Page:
In 2022, Oxford will be launching a new Master's degree in Digital Scholarship, a one-year course introducing graduates to the cutting-edge research of the University.
We spoke to Dr. Sarah Ogilvie, the Director of the new MSc, about the course, what "DH" means to her, and what the study of digital scholarship has to offer.
Could you tell us about your own career and research?
I am a linguist and lexicographer who originally trained as a mathematician and computer scientist, so I have always kept a foot in the digital world. After doing my doctorate at Oxford I taught linguistics at Cambridge, the Australian National University, and Stanford, and took two years out of academia to work at Lab126, Amazon’s innovation lab in Silicon Valley where the Kindle was created.
Why is Oxford launching an MSc in Digital Scholarship now?
This degree has been many years in the making and was initiated and created by many people. Several decades ago, Oxford was one of the leaders in establishing the field of ‘literary and linguistic computing’ as Digital Humanities was known back then (I am thinking especially of the Oxford scholars who worked on creating standards for encoding electronic texts such as TEI). The University has many well-established, world-leading digital projects, and it is wonderful that we will now offer a degree in this area. Many people have worked very hard to bring this degree to fruition. I get the joyful job of collaborating with them and helping to implement their vision.
What does Digital Scholarship mean to you?
For me, Digital Scholarship is the application of digital tools and methods to create new knowledge or to prompt new questions. We see that increasingly humanities scholars want to learn digital techniques to apply to their research in order to investigate things that could never be done manually.
Is that different from the Digital Humanities? Why the name change?
Although digital scholarship does focus on the Humanities, it is not restricted to it and we believe that that broader remit perfectly fits the scope of our Masters. Applicants need no prior tech expertise and come from backgrounds as varied as law, English literature, classics, history of art, and political science. Regardless of our students’ backgrounds and home disciplines, we believe that the most important thing is the research question.
Tech exists to serve the research, not the other way round. We want to equip students for innovative work in existing disciplines. Hence, we encourage students to keep a foot in their home disciplines during the degree, so in Hilary term they get to do a Paper (course) in those departments, which will feed into their dissertation.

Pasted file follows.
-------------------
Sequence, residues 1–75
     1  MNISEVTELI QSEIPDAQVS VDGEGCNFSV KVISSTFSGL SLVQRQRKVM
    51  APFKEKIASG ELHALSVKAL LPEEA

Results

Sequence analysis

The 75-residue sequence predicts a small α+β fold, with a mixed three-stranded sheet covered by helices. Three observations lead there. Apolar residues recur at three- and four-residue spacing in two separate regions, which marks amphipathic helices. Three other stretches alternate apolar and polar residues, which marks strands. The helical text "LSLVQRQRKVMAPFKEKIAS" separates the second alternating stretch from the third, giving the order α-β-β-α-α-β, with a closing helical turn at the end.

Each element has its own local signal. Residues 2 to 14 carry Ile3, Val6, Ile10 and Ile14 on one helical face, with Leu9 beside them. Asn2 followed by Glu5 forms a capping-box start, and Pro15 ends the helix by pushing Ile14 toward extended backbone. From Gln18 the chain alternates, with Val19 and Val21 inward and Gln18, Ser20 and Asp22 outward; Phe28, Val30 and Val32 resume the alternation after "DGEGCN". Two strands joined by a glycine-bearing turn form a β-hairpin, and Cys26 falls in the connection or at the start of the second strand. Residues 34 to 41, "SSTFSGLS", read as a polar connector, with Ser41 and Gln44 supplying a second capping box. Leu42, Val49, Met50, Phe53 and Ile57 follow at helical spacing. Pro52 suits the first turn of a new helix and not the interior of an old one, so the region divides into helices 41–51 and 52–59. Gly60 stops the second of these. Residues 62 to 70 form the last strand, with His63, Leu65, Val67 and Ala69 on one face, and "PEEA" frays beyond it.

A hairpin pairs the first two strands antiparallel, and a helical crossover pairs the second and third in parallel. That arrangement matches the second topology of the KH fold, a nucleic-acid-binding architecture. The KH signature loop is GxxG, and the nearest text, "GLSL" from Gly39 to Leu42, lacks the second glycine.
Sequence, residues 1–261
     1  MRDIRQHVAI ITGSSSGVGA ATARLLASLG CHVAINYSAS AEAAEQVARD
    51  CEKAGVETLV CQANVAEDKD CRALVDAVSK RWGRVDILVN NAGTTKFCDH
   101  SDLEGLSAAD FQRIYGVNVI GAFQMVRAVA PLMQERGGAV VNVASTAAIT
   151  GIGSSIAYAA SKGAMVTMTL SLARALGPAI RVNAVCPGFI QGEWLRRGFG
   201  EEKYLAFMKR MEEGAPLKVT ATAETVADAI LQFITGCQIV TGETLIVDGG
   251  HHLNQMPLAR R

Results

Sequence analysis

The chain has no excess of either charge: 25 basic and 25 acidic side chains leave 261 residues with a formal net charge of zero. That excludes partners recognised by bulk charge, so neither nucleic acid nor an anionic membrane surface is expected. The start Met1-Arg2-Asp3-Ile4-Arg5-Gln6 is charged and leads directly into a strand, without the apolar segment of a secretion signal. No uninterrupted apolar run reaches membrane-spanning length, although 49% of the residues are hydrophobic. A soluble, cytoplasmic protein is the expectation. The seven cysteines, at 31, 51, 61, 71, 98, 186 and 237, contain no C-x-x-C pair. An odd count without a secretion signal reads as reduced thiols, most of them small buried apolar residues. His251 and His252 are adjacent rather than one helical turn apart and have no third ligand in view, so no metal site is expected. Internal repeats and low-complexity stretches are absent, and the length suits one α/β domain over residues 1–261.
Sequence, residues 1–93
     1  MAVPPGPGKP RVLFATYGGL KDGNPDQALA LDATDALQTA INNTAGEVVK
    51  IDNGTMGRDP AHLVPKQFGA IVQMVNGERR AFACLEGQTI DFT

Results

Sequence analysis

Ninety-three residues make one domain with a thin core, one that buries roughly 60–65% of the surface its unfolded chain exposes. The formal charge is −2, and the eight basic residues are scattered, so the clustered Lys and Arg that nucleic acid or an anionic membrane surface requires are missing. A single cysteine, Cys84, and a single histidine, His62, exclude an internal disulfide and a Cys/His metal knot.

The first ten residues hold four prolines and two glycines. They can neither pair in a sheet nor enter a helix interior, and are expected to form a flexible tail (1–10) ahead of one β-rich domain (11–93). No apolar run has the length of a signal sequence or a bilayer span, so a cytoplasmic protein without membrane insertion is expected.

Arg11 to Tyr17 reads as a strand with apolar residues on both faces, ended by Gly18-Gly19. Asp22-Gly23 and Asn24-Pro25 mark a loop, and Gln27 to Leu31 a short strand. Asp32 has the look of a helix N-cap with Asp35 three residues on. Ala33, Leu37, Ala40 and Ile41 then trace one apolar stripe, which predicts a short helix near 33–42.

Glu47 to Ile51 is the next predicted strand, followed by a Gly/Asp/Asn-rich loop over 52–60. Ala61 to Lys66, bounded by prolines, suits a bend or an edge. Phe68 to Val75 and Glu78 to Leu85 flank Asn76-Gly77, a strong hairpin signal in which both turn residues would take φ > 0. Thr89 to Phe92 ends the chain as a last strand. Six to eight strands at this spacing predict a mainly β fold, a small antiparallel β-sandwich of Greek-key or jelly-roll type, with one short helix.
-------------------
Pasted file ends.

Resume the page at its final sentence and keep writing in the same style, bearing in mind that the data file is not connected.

What about this course is most exciting to you?
In addition to what you would expect, an introduction to digital humanities and courses in programming or data visualization, there are also courses in digital musicology, TEI, IIIF or data imaging with experts at the Bodleian. But I think my favourite offering is the practicum placements in Trinity term: each student gets to join one of Oxford’s flagship digital projects and experience working first-hand with some of the world’s leading digital scholars. Overall, students will be offered the opportunity to engage in 41 digital research projects, across 10 disciplines, all GLAM institutions and Oxford University Press. We have also partnered with the Voltaire Foundation who has generously offered a full student bursary.
This course offers the opportunity to be paired with one of Oxford’s digital humanists. What would you hope students to gain from that?
Yes, each MSc student will be paired with a career mentor from amongst Oxford's digital community from whom they can seek career advice. They will be full participants in Digital Scholarship @ Oxford. Digital humanities is all about collaboration and working together across disciplines. I hope students will gain life-long connections with these mentors. No matter where our students go after the MSc, they will always remain a part of the Oxford digital community.
Who would this course be ideal for?
The beauty of this degree is that it is ideal for so many – those who want to gain digital expertise before embarking on doctoral studies; or those working in the GLAM sector who want to turbo-charge their career; or those who want to complement their Humanities degree with tech chops before entering industry. Whatever our story, sometimes in life we may just need to try something new and see where it leads.
Applications to the MSc in Digital Scholarship close 1 March.